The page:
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World Book Day

World Book Day is a celebration of reading that takes place in March every year. Over 100 countries are involved in the celebrations which include low or no-cost access to books, fun activities to explore the stories you’re reading, and even a competition!

Author, Michael Morpurgo, an older man wearing a blue shirt and a red denim jacket. To his right are the words ‘World Book Day’ and underneath them is a cartoon pencil with a light bulb on top

The UK World Book Day founder, Baroness Gail Rebuck, drew on her own struggles with education and learning when she was a child while she was creating the celebration, turning something that was hard to access into her passion.

World Book Day focuses on reading for pleasure, and our activities will explore the six elements that they recommend, helping you to enjoy the books you’re diving into. The elements are:

  • Being read to regularly.
  • Having books at home and school.
  • Having a choice in what to read.
  • Finding time to read.
  • Having trusted help to find a book.
  • Making reading fun!

World Book Day 2024 Books

Read a story together

Reading together is a lovely family activity family and borrowing books from a library gives you free access to all kinds of reading materials.

Below is a link to join the RNIB Library, but first here are some suggestions for things to try while you’re reading:

  • Pick a book to read together then find a comfortable space. Remember to check that the environment works for everyone: think about lighting and any external noise or other sensory distractions.
  • Read the story together, taking it in turns to read a line, paragraph or page.
  • Bring the story to life by adding sound effects or trying different voices for the characters. If you have them, use props to represent different aspects of the story.
  • When you’ve finished the story, ask each other questions to see how much of it you can remember – this can be made into a competition if that is something your family enjoys.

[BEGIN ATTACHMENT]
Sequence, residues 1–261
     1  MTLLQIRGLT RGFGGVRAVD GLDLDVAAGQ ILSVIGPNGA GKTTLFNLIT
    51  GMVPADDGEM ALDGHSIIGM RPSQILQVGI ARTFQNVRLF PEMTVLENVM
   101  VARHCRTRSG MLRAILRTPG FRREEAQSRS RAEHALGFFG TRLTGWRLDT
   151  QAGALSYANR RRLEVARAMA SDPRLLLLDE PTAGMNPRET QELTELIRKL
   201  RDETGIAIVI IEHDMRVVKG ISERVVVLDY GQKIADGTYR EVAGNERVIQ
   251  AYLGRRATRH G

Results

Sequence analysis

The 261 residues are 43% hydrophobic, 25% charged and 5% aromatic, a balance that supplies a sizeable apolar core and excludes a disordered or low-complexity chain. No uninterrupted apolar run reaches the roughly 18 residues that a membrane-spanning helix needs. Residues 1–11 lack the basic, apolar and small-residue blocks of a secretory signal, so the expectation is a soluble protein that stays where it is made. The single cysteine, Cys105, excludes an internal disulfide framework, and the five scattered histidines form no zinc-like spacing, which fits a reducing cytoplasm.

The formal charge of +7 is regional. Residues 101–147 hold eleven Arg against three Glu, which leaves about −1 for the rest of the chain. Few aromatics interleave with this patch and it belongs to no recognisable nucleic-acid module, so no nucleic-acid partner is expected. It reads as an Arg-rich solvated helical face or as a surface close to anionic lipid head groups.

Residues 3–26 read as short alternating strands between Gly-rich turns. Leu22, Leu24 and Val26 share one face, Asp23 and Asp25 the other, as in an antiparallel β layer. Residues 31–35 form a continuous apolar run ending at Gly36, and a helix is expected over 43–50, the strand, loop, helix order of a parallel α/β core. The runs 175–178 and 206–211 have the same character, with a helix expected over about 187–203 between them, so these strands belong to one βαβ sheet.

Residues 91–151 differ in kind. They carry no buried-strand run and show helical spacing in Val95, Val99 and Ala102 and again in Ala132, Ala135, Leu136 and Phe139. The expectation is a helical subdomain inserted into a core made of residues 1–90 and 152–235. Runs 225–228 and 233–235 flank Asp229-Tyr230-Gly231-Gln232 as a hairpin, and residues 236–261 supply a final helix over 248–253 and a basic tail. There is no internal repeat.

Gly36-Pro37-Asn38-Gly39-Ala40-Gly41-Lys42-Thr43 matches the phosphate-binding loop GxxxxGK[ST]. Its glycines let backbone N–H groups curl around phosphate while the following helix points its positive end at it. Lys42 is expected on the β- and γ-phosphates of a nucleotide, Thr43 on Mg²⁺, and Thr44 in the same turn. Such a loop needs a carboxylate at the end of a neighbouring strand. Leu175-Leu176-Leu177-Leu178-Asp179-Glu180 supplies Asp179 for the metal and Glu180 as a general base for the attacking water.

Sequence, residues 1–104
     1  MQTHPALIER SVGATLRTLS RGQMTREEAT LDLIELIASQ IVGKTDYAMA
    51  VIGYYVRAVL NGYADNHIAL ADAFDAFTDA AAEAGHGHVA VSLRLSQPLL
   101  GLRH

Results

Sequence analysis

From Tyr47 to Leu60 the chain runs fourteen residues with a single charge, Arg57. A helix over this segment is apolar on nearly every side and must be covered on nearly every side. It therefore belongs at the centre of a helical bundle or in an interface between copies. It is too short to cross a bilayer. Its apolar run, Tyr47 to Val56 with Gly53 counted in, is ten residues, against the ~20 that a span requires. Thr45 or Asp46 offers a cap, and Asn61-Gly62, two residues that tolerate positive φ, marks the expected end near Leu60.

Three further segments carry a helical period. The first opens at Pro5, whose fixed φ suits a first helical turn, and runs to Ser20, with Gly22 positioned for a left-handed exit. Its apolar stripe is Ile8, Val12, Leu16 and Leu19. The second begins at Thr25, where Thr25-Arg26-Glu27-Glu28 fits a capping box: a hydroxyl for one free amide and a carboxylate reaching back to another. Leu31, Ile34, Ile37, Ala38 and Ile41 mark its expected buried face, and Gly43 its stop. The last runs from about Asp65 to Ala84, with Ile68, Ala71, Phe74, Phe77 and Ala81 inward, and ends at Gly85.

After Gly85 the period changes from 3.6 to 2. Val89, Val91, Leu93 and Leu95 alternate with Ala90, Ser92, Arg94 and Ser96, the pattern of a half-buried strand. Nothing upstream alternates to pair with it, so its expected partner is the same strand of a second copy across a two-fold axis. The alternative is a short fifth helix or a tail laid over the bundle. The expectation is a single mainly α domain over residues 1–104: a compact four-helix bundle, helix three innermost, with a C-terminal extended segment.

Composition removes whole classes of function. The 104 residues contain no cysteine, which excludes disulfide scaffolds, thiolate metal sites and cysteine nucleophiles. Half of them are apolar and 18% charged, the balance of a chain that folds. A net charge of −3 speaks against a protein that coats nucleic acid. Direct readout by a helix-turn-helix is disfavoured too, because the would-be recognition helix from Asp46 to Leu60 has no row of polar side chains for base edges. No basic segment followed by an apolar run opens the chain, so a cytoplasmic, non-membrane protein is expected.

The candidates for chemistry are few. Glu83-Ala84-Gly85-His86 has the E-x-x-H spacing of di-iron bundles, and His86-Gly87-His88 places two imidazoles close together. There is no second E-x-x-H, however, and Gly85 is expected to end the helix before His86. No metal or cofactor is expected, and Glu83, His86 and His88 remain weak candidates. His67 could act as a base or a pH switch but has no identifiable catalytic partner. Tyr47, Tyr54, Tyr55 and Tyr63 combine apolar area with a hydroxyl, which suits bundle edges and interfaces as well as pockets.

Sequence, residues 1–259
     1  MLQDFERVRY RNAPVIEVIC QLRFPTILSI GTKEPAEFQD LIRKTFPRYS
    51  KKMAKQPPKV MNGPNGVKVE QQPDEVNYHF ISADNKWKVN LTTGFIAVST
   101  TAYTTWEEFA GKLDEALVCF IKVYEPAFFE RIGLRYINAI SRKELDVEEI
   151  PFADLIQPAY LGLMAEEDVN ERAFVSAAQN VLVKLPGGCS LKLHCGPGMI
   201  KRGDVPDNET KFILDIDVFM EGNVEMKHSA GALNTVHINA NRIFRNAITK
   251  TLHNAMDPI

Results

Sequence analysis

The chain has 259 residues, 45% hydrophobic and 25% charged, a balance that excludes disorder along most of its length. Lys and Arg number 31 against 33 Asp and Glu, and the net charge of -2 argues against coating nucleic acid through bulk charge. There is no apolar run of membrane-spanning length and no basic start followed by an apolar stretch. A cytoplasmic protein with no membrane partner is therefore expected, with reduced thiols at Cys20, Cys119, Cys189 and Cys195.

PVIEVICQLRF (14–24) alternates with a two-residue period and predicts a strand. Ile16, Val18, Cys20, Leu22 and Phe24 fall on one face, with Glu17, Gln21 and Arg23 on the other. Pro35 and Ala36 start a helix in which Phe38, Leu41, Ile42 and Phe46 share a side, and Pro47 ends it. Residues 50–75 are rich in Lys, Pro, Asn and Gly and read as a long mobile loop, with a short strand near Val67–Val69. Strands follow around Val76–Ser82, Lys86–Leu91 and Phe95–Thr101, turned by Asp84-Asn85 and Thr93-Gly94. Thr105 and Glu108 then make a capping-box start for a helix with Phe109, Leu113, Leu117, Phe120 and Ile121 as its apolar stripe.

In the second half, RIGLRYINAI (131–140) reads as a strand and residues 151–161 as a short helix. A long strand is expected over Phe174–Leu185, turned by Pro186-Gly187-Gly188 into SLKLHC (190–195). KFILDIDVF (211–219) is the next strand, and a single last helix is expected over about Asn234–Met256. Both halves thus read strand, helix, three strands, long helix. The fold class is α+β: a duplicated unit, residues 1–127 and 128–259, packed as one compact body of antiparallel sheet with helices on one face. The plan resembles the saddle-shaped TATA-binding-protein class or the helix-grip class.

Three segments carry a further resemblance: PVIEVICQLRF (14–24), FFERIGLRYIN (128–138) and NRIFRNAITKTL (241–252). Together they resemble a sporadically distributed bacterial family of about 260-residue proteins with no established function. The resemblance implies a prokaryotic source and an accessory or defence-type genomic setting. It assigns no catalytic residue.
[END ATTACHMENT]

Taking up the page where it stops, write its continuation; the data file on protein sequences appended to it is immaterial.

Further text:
If you need the same book in different formats, here are some places to try:

The RNIB Library provides free audio and electronic books: RNIB Library > Home.

Clearvision Project produce large-print and braille resources: Clearvision Project.

Living Paintings have audio and tactile images: Books For Blind Children and Adults – Living Paintings.

Or, try Nosy Crow for audio-described books: Nosy Crow – Award-winning independent children’s book publisher.

Recreating the story

Imagine the characters, settings and ideas in the story coming alive in your mind - try some of these activities to bring them to life:

  • Dress up:

Do the characters dress in a particular way, have a certain hairstyle, accessories? Use clothes and items from your home to get into character and imagine how it feels to be them. You could even try out your new voice for the character too!

  • Set the scene:

Where does the story take place? Gather plants and flowers to recreate outdoor settings. Make a mountain range by piling up cushions or use them to build tunnels to crawl through.

  • Put it all together:

Try to recall scenes from the book and act them out in your own style. What did you remember and what did you miss? Did you learn anything new about the character when you were pretending to be them?

Don’t forget to think about all the senses when recreating a scene or bringing a story to life. How does the story smell, feel, and sound? Bag Books provide some great sensory story ideas but you can make story sacks of your own to accompany any favourite tales.

Rewriting the story

Some traditional stories change with years of retelling. If you could rewrite the story you just read, what would you change?

You could try this game, which works best when played with a minimum of four people:

  • Copy the opening line from a story onto a piece of paper then put away the storybook.
  • Invite someone to add their own, made up, second line to the story, write it below the first line on the piece of paper then fold it, leaving only their line visible. This is then passed to the next person.
  • Keep writing the story one line and one person at a time until the paper is full.
  • Read the story out loud and see if you like it. When you get good at it, you could try taking the story in some crazy directions!

If a child is unable to read or write independently, you can ask someone to write for them, to take turns speaking with one person writing down the story as you go, or you could record your story instead.

Share your story on our Facebook group or let us know what books and stories your children enjoy: RNIB - Parents & Carers Of VI Children | Facebook.

Reading resources for children and families

Many websites explore reading in a child-friendly way. Here are some links to get you started:

  • The World Book Day website gives activities for families and schools all year round as well as listing all current and previous World Book Day titles: World Book Day
  • Paths to Literacy helps parents and educators to develop the reading skills of their child: Paths to Literacy
  • Guide Dogs’ CustomEyes service recreates books in your preferred print format for the Recommended Retail Price: CustomEyes Books | Guide Dogs

Entries to RNIB’s World Book Day creative writing competition are now closed for 2024.

Grace Kidd - The Mysterious Box

We were delighted to see so many incredible entries. After some careful consideration, we’re pleased to announce that Grace Kidd’s piece titled “The Mysterious Box” has won the competition.

Read Grace’s full story
Grace Kidd, World book Day winner

Grace Kidd, World book Day winner